Smoky River Express
For anyone with a vested interested in movies, it is certainly worth asking why for two years running, films made by African-American film makers and featuring black actors have been all but excluded from the Academy Awards.
Last year’s Oscar nominations’ lack of diversity incited vocal dissent.
This year, showing something of a trend in ethnic bias, with many worthy films and performances being ignored, provoked a more activist response with many people boycotting the awards.
Adding insult to injury, movies such as “Creed” written and directed by Ryan Coogler and starring Michael B. Jordan, both of whom are African-American received only one nominee which went to a white man involved in the project.
The same happened with the movie “Straight out of Compton” a quintessentially African-American movie with a talented cast of young black actors but again the only nominees were for the white writers involved in the project.
However, for those of us who live a long way from Hollywood, it is hard to feel moral outrage on behalf of already wealthy, privileged people who have not being invited to a hedonistic, self-love fest at a multimillionaires club.
Of course, between those who decided to boycott and those who chose to attend, it being Hollywood, each position seemed tempered with self-interest.
For instance, celebrity nobodies such as actor Jade Pinket Smith, who certainly was not conspicuous in her absence, got a little more press time by boycotting a party to which she was not invited.
One has to wonder if Will Smith would have become a champion of black actors in Hollywood if he received a nomination for his movie “Concussion.”
Others saw the boycott as an opportunity to have their voice from the Hollywood wilderness heard on social media.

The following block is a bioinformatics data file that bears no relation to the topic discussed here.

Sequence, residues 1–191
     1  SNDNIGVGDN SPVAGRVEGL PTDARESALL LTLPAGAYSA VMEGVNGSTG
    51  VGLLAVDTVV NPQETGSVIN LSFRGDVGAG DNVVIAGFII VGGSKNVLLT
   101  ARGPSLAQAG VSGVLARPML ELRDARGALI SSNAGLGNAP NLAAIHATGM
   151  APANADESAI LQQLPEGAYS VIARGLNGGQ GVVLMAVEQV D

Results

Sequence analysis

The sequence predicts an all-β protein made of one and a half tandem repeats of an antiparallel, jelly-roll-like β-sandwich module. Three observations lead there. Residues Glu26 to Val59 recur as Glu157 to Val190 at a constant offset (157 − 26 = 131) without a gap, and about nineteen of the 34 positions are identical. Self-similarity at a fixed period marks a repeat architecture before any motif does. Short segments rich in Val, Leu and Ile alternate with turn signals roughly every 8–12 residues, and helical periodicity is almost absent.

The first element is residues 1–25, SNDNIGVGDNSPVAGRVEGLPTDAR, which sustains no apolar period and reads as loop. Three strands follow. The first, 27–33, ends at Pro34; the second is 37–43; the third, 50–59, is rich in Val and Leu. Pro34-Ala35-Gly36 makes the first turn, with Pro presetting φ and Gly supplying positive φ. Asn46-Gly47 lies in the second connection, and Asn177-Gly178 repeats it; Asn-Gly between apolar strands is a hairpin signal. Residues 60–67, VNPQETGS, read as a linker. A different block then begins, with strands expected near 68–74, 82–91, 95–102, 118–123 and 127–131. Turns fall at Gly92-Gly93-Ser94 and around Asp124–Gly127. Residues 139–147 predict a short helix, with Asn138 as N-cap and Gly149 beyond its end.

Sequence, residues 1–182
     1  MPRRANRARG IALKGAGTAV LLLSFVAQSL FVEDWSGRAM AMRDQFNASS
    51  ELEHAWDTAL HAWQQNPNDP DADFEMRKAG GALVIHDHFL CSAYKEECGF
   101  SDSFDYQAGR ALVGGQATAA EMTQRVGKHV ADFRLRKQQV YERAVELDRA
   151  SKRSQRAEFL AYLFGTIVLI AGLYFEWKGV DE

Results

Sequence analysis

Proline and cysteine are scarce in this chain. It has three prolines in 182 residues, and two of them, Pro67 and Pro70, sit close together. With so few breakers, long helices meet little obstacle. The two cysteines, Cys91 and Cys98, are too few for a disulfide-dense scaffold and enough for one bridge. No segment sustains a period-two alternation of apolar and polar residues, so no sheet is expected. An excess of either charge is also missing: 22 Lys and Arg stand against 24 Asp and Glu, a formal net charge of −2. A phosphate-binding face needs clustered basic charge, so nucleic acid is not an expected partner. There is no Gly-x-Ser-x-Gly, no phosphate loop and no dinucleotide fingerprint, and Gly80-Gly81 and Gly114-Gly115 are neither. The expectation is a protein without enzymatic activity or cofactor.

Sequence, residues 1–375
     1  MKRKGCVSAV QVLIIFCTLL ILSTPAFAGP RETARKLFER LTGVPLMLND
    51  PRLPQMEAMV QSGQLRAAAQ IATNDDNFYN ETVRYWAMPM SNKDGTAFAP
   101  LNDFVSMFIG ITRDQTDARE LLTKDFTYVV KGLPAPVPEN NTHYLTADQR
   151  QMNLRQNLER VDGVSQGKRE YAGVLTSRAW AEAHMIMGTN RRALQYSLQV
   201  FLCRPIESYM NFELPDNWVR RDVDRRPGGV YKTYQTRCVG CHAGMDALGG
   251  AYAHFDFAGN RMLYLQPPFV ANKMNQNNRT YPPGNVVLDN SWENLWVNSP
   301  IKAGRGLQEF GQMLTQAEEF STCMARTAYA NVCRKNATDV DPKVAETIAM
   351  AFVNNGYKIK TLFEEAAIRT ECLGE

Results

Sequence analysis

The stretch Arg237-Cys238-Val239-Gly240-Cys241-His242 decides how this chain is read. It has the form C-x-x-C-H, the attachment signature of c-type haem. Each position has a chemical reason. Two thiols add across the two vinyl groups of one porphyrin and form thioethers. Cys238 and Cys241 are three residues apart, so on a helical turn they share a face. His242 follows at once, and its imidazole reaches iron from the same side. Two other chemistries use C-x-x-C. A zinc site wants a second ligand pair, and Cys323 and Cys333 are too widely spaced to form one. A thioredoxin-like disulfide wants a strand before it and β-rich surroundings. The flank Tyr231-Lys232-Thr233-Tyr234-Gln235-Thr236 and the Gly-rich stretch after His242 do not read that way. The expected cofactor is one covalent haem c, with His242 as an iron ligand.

Others again, contrived some rationalization to attend because they find no cause greater than their day in the limelight and commanding a substantial increase in pay if the evening goes their way.
Even the host, black comedian Chris Rock for all his bluster was playing it both ways, using the premise of changing the system from within as justification. Rock was not the only celebrity to use that line of reasoning as an excuse to attend.
Some point a finger towards an established bias within the Academy of Motion Pictures Arts and Sciences while others lay blame with the studios.
Wherever the fault may rest, in light of other pressing issues in the US and around the world, issues such as young black men being gunned down in the streets, lead contamination in the water in Flint Michigan, armed conflicts in the Middle East and elsewhere, having billionaires snubbing millionaires fails to get me riled.
Many in Hollywood refer to themselves as artists but it is my understanding that an artist gains fulfillment in the creation of the work.
While everyone wants their work to do well, prizes and awards misrepresent the process by arbitrarily placing acclaim on one project and ignoring another.
So many biases, creative and otherwise go into making these choices it is best to ignore them.
How many mediocre movies, novels etc. have received awards that have now faded into oblivion?
If the work has inherent value and integrity, it will ultimately gain traction, endure and triumph as art, regardless of ethnic biases and certainly regardless of the Academy Awards.